Soft Green Spider Web Scarf/Shawl

This delicate scarf/shawl is made with a plush yarn that makes it surprisingly warm and there is a lot of length for wrapping around your shoulders on a cool summer evening.

Materials:

I lost the label for the yarn, but it’s a bulky plush. I’ve provided a photo so you can match it as closely as possible. I used a large ball (approx. 300 yds)

6.5 mm hook

Yarn needle for weaving in ends

Large pearl-look dollar-store beads

Beading needle and thread

PATTERN:

Chain 176.

Row 1: dc in 5th ch from hook (counts as dc, ch 2), 6 dc in same st, ch 2, sk 2 ch, dc in next ch, ch 10, sk 10 ch, dc in next ch, ch 2, sk 2 ch, *7 dc in next ch, ch 2, sk 2 ch, dc in next ch, ch 10, sk 10 ch, dc in next ch, ch 2, sk 2 ch; rep from* across, ending with 7 dc in next ch, ch 2, sk 2 ch, dc in 3rd ch of beg ch-5, turn.

Row 2: Ch 5, *7 dc in top of 4th dc of next 7-dc group, ch 2, sk 2 ch, dc in next dc, ch 10, sk 10 ch, dc in next dc, ch 2, sk 2 dc, rep from* across, ending with 7 dc in next ch, ch 2, sk 2 ch, dc in 3rd ch of beg ch-5, turn.

Repeat Row 2 until shawl is your desired depth. Mine measured a length of 80” x 15-1/2” deep.

Once finished, I neatened up both 15-1/2” ends with one row of sc.

TASSEL & PEARL FRINGE:

Next, I made tassels with pearl bead ends to attach to the last 7-dc group of the row, as shown in picture.

To make each tassel, I cut three 24” pieces of yarn; folded them in half; cut another piece of yarn about 10” long which I used to tied them together in the center of the fold with a knot; then kept winding that remaining piece of yarn into a knot until it because a round ball of a knot at the top of the fold where I made the first knot. Then I threaded the beading needle, stuck the needle in the bottom of the big round knot and brought the thread up through the top of the big knot, added a pearl bead so it sat on top of the big knot, then brought the needle up into the bottom of the last 7-dc group and stitched back and forth a few times to make sure the pearl and tassel were fixed securely in place. Then I knotted the thread and fastened off. I repeated this process along the bottom of the scarf/shawl, attaching pearls/tassels to the last 7-dc group of each row. I hope this makes sense. Refer to the photo (and my rough drawing below!) for visual description.

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Want to see my yummy purple pineapples?

shawl_purple pineapples1I’ve always been entranced by the look of pineapple crochet patterns—so lacy and intricate—yet I always shied away from attempting to work on one because they seemed so complicated and I consider my skills to be more intermediate than advanced. I once tried a pineapple shawl pattern that I’d found on the Web but got stuck at a point where the instructions suddenly became confusing, and thus ended up throwing up my hands and ripping it all out in frustration, thinking that pineapples are probably just too advanced for me.

bookOn a trip to the library, I spotted a book called Crochet Wraps Every Which Way written by a talented crochet designer named Tammy Hildebrand. The book featured 18 gorgeous shawl patterns, but the one that really caught my eye was called Purple Passion—of course it was a pineapple design.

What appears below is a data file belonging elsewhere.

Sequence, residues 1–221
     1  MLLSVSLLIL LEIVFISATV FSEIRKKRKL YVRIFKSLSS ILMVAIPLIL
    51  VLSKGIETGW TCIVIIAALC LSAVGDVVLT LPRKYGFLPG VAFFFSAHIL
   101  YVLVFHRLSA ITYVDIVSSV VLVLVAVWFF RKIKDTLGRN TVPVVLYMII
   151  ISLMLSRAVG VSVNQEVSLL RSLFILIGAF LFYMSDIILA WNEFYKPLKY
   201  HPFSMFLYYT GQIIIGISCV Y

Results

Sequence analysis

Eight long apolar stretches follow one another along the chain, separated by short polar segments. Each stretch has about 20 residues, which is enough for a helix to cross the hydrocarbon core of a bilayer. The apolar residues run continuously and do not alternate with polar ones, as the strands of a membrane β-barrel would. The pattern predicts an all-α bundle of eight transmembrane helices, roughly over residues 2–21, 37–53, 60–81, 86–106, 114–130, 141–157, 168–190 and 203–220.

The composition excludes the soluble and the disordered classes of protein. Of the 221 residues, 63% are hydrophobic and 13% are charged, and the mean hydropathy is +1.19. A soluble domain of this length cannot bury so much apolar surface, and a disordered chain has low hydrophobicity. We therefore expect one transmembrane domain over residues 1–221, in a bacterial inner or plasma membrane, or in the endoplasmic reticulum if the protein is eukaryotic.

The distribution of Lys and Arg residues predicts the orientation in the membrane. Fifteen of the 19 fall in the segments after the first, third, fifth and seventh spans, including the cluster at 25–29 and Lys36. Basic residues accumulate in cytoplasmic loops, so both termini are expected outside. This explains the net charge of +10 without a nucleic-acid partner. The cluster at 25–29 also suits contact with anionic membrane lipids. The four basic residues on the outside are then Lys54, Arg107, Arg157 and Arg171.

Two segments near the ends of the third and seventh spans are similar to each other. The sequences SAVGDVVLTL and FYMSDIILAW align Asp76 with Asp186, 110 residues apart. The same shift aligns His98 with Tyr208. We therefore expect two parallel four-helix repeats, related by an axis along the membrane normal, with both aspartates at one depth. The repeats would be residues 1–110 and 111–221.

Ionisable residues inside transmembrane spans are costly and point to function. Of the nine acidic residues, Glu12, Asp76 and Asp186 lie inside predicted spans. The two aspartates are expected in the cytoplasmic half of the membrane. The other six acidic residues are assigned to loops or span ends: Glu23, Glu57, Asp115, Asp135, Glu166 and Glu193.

After skimming the pattern instructions, I thought that they seemed clear enough for me to follow, so I signed out the book and decided to try my hand at tackling a pineapple pattern one more time.

Since I was wary that this shawl might not turn out (which can be so disheartening because of all the time devoted to the work), I chose to use a lower-cost worsted weight yarn instead of the fine silk mohair yarn that the pattern called for. Then, I got out my crochet hook and began.

Well guess what? Thanks to Tammy’s easy-to-follow instructions, my first pineapple shawl turned out perfect, even in worsted weight!shawl_purple pineapples2All I need to do is block it and it will be ready to wear this summer, paired with a lavender sundress.

For anyone who’s looking for gorgeous crocheted wrap patterns that are clear to follow, I recommend that you check out this book. I guarantee that you’ll be enchanted with the drool-worthy patterns inside.

Another crocheted shawl, y’all!

shawl_peacock1I’m on a roll these days making shawls, just because I enjoy the challenge of watching them evolve. I have to say that so far, this one is my favourite.

I bought the yarn down in Florida at Hobby Lobby and I wish I’d kept the label so I could tell you the name of it. It was one large ball—I’m guessing around 400 yards—and once I’d finished making the shawl and the fringe, there was literally nothing left but a two-inch long piece of yarn. So it was the perfect amount for this pattern.

shawl_peacock2It’s a simple mesh design and the variegated colours remind me of peacock feathers, thus the name of my shawl. I’m finding shawls to be a nice alternative to wearing cardigans; just throw one over your shoulders when it gets cool. And you can drape them in different ways that really look fashionable.

Without further adieu, here’s the pattern:

Peacock Triangular Shawl

Approx. 400 yards of a chenille-type variegated yarn, 5.5 mm hook

Chain 5; slip stitch to first chain to make a ring.

R1: Chain 4 (counts as beginning chain-3 plus chain-1);
1 dc in ring; (ch 1, dc) two more times; turn.

R2: Ch 4; dc in same stitch; (ch 1, skip next ch, 1 dc in next dc) across to last dc; ch 1; (1 dc, ch 1, 1 dc) in top of beginning ch-3; turn.

R3 & remaining rows: Repeat R2. Continue repeating R2 until
desired width. Fasten off and weave in ends.

Make desired length of fringe along edges (here’s a link to an easy step-by-step on how to make fringe: http://www.dummies.com/how-to/content/how-to-add-fringe-to-crochet.html). I cut a 16” length of yarn and folded it for an 8” fringe.
shawl_peacock4

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